Shadow secretary for education, Angela Rayner, told the BBC’s Today programme this morning that the party would increase the schools budget by £5.6bn by the end of the parliament. This would include a real terms increase as well as a reversal on the current government’s planned cuts to education.
Rayner confirmed Labour leader Jeremy Corbyn’s statement that this would be paid for by increasing the main rate of corporation tax to 26%.
In recent weeks Labour also announced that it would increase the corporation tax rate to give a pay rise for staff across the NHS.
In response to the announcement the Institute for Fiscal Studies (IFS) said, “What is clear is that the Labour plan to spend significant amounts of additional money on education as compared with the current government plans, about £8.4bn a year in today’s prices by 2021–22 (or £9bn in cash-terms).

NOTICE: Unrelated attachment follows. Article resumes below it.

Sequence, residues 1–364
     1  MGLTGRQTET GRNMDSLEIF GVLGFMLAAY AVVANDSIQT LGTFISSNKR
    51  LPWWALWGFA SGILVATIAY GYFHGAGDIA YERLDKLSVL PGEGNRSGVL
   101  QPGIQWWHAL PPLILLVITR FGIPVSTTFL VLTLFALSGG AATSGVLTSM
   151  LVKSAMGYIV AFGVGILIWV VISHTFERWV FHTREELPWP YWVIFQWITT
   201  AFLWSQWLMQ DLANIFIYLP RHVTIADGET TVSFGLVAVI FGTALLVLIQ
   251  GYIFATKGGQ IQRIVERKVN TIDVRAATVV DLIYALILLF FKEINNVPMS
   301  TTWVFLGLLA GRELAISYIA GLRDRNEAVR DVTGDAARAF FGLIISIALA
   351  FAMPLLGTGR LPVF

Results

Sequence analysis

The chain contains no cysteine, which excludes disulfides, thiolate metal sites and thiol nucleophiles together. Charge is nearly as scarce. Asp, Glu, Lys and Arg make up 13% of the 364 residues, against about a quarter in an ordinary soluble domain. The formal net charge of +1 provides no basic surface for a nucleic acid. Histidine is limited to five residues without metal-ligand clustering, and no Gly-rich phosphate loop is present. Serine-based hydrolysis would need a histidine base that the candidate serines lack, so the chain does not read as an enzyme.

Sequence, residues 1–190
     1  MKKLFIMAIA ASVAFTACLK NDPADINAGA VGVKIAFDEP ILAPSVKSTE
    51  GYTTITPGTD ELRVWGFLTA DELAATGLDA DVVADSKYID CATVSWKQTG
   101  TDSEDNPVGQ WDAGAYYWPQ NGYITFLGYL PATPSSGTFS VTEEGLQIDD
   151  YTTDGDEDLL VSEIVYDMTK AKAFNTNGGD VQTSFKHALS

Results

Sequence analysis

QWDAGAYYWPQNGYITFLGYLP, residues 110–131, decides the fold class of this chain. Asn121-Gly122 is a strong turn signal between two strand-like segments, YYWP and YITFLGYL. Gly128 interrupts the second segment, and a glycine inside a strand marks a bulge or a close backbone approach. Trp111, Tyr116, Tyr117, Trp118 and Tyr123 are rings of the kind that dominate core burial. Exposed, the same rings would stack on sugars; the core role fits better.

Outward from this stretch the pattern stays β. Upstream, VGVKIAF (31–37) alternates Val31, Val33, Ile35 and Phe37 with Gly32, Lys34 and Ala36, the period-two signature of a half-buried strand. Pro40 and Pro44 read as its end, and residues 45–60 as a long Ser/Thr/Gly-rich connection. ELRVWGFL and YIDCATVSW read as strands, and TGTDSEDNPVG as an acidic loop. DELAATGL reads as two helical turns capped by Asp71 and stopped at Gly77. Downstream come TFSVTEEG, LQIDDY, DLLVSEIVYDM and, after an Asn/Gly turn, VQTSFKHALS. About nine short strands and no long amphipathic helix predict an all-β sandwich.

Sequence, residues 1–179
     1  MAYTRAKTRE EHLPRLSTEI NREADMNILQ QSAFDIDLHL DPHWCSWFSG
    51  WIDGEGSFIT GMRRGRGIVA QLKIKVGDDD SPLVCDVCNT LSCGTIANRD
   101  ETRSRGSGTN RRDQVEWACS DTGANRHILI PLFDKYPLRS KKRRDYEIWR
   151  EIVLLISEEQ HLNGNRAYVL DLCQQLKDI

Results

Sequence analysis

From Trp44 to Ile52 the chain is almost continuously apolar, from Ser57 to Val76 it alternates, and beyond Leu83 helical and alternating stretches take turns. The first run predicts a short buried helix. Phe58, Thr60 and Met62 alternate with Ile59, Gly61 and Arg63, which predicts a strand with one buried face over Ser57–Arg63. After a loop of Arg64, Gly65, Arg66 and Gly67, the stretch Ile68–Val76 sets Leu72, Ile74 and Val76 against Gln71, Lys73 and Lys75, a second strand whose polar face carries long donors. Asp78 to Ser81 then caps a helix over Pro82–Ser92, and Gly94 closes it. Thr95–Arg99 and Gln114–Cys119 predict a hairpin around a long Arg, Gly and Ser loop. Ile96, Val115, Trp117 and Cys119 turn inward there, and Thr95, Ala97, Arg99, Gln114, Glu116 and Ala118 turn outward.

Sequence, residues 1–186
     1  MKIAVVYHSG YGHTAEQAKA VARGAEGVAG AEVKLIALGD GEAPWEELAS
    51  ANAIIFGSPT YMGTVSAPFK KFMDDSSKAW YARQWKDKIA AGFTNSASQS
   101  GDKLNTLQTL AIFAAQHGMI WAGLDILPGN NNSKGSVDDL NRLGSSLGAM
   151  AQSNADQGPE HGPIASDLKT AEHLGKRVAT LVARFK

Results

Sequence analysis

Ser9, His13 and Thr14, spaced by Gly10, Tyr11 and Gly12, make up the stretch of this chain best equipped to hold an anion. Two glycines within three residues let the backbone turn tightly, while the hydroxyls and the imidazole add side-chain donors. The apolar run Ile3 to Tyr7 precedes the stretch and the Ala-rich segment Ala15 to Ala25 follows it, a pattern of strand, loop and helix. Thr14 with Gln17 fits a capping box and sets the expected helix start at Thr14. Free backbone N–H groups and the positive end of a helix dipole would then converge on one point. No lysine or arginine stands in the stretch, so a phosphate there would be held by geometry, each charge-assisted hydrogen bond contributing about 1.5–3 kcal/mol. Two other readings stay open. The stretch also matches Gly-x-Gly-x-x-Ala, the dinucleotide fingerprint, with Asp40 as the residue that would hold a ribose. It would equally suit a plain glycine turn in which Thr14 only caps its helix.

“The policy could raise around £19bn in the near term, but substantially less in the medium to long run because companies would respond by investing less in the UK,” said the IFS.
Luke Sibieta, research fellow at the IFS said, "These commitments would represent a significant increase in education spending and would leave the school sector insulated from cuts made to most other areas of public service spending.”